Friday, August 30, 2013

Tuesday Serenade, January 7, 2014 @ 7pm

 Min Young Cho, violin & Eun Mi Lee, Piano

Franz Schubert 
   Sonatina for Piano and Violin Op. post.137, No.1, D. 384
     Allegro molto - Andante - Allegro vivace
     [recording/scores at]

Josef Suk 
   Appassionato Op.17, No.2 
   Burleska Op.17, No.4 
   [scores at]

Felix Mendelssohn 
   Sonata in F major for Violin and Piano (1838)
     Allegro vivace - Adagio - Allegro vivace
     [click links for YouTube performances]

Dr. Min Young Cho is a native of Seoul, Korea, and she has performed with many orchestras in her homeland, including the Korean-American Youth Orchestra, Gwacheon Youth Orchestra, Seoul National Symphony Orchestra, Korean Philharmonic Orchestra and Gangneung Philharmonic Orchestra. Her talent as an ensemble player remains much in demand, and she often serves as concertmaster or assistant concertmaster for many of the orchestras she plays with. She regularly performs with a number of chamber and symphony orchestras in North Florida, including Tallahassee Bach Parley, Tallahassee Symphony Orchestra, Northwest Florida Symphony Orchestra and Sinfonia Gulf Coast, as well as with the Pensacola Symphony Orchestra and Panama City Pops Orchestra. As a guest solo artist, other recital engagements have included appearances at Chipola College (Marianna, Florida) and Valdosta State University (Valdosta, Georgia), and for Jacksonville Public  Library's December 2012 Promenade! concert she performed in a trio recital.

As a winner of the American Fine Arts Festival, Dr. Cho performed at Carnegie Hall (Weill Recital Hall), and also was awarded an AFAF Summer Music Courses in Europe scholarship. Other competition wins include the Korea Music Competition, the Chungbu Conservatory Competition, and the Music World Newspaper Company’s Competition. Dr. Cho received her Bachelor of Music degree from Dankook University in Korea, and both her master's and doctoral degrees from Florida State University, where she also has taught as a Graduate Assistant. Her principal teachers have included Corinne Stillwell, Karen Clarke and Daesik Kang.

In her native South Korea, Eun Mi Lee received a Bachelor of Music degree in Piano from Ewha Women’s University, and a Master of Music degree in Piano Accompanying on scholarship at Sungshin Women’s University.  In 2007, Ms. Lee was accepted into the Master’s program at Florida State University's College of Music, working closely with Valerie M. Trujillo, the Grammy-nominated associate professor of vocal coaching and accompanying.  Eun Mi Lee is continuing her post-graduate studies at FSU, where she is a doctoral candidate.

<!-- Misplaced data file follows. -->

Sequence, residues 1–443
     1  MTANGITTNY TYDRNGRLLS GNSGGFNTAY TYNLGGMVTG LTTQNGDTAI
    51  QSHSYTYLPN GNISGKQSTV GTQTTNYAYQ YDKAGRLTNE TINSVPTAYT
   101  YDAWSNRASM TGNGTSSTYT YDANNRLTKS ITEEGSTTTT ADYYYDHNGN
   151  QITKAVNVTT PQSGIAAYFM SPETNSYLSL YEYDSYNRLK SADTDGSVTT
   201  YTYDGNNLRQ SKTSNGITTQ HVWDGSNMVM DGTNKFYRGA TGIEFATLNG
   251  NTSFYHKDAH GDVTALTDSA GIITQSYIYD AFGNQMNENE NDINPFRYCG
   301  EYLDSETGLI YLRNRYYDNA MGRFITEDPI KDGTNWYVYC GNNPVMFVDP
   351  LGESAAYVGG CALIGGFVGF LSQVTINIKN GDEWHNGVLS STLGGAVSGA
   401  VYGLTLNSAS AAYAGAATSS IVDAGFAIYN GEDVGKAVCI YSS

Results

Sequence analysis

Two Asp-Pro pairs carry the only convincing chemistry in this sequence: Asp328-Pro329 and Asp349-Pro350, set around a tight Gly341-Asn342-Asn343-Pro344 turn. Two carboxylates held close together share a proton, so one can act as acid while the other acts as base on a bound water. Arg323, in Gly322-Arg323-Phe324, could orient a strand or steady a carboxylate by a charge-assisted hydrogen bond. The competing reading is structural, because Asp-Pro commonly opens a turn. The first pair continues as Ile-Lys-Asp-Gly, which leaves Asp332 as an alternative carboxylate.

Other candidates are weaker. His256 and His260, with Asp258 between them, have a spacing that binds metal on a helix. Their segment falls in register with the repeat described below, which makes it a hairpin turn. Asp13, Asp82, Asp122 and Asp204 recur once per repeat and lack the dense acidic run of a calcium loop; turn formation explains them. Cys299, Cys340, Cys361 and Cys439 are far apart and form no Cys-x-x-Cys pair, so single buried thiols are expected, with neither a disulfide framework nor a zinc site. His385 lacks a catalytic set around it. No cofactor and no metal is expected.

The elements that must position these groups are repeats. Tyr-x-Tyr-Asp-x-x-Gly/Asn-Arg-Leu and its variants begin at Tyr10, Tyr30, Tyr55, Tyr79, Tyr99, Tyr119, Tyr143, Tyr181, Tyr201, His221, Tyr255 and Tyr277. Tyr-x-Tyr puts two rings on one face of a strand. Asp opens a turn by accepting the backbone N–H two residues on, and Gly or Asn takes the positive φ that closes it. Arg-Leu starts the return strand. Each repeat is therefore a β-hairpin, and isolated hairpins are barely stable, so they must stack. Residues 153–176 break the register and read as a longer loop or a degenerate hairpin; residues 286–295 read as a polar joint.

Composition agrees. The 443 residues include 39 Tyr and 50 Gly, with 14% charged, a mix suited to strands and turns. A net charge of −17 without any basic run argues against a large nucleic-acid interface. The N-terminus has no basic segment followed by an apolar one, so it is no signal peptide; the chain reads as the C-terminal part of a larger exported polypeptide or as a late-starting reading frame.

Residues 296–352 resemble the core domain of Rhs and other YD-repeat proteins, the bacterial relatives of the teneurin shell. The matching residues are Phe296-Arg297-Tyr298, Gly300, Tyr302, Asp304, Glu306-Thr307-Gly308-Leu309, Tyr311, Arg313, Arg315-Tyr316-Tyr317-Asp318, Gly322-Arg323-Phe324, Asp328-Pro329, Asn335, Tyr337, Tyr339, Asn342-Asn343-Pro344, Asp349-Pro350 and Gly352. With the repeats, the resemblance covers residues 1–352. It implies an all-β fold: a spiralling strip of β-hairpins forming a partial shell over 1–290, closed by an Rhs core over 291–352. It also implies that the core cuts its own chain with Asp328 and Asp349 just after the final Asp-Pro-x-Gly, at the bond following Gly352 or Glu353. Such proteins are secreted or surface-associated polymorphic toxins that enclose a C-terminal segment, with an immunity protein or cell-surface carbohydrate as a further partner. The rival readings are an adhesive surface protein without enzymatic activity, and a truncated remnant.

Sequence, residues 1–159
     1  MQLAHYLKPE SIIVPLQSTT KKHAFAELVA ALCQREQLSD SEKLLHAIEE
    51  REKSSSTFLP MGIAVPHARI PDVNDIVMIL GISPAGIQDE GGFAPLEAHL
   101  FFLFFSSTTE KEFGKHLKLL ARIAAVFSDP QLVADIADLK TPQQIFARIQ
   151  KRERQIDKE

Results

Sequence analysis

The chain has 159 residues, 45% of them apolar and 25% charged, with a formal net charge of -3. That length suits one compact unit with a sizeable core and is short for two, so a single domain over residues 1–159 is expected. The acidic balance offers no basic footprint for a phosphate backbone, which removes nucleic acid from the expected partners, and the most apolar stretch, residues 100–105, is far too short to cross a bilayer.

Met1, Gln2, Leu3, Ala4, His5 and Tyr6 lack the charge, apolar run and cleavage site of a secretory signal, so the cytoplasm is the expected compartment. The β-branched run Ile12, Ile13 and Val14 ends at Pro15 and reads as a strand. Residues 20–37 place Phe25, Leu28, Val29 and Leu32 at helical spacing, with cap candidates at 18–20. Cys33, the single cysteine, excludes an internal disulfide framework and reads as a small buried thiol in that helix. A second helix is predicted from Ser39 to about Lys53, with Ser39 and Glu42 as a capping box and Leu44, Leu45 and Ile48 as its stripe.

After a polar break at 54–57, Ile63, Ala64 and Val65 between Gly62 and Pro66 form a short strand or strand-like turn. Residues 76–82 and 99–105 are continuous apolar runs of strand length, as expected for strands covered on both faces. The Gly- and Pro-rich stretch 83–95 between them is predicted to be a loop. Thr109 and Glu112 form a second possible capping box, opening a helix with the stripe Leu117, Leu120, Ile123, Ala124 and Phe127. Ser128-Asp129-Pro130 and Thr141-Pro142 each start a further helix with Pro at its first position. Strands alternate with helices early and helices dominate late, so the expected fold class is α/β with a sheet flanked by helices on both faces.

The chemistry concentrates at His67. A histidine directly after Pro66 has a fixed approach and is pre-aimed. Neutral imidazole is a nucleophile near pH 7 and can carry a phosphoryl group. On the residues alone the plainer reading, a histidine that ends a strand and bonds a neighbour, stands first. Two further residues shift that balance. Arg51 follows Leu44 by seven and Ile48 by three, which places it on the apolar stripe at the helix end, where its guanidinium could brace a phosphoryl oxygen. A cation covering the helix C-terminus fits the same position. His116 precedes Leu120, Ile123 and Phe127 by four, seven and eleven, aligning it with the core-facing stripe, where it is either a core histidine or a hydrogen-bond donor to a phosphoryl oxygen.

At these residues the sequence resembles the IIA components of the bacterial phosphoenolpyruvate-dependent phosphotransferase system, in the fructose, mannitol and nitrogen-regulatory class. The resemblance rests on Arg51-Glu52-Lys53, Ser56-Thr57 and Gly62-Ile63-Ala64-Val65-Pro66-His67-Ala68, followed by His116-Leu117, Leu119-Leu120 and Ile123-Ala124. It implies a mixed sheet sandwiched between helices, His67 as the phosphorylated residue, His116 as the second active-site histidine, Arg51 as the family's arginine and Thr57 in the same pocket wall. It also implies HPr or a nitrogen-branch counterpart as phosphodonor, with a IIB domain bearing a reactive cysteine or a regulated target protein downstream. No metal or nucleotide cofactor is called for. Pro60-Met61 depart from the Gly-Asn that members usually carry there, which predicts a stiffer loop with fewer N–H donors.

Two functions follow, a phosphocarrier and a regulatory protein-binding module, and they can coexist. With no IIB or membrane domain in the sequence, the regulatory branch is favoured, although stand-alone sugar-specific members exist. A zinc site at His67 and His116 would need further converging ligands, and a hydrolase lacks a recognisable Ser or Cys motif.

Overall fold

A passionate accompanist and teacher, she began working with faculty artists and student performers at Baekseok Conservatory, Muyngji University, and University of Seoul, and she has been a member of Korea Collaborative Pianists Association since 2002. Much in demand as a collaborative artist, Ms. Lee has pursued an interest in performing new music, and recorded Soo Jin Cho's 2-piano work, Exodus, released by the Society of Composers, Inc., in March 2010, on an album entitled Mosaic.

In addition to numerous symphonies, chamber works, masses, and solo piano music, the Austrian composer Franz Schubert (1797-1828) composed over 600 songs in his short life, and he has remained unsurpassed in the ability to marry poetry with music. Even Beethoven, who apparently never met the younger composer, touted Schubert's genius when he was given some of Schubert's songs shortly before his death. Although Schubert was virtually unknown to the general public, his music was regularly performed in private concerts for Vienna’s musical elite, and by 1825 he was in negotiations with four different publishers. But the bulk of Schubert's masterworks remained unpublished at the time of his death, so he generally had had to depend on his devoted circle of friends to help maintain his finances. After Schubert died, probably from medicinal mercury poisoning, his wish to be buried next to Beethoven, who had died just the previous year, was honored.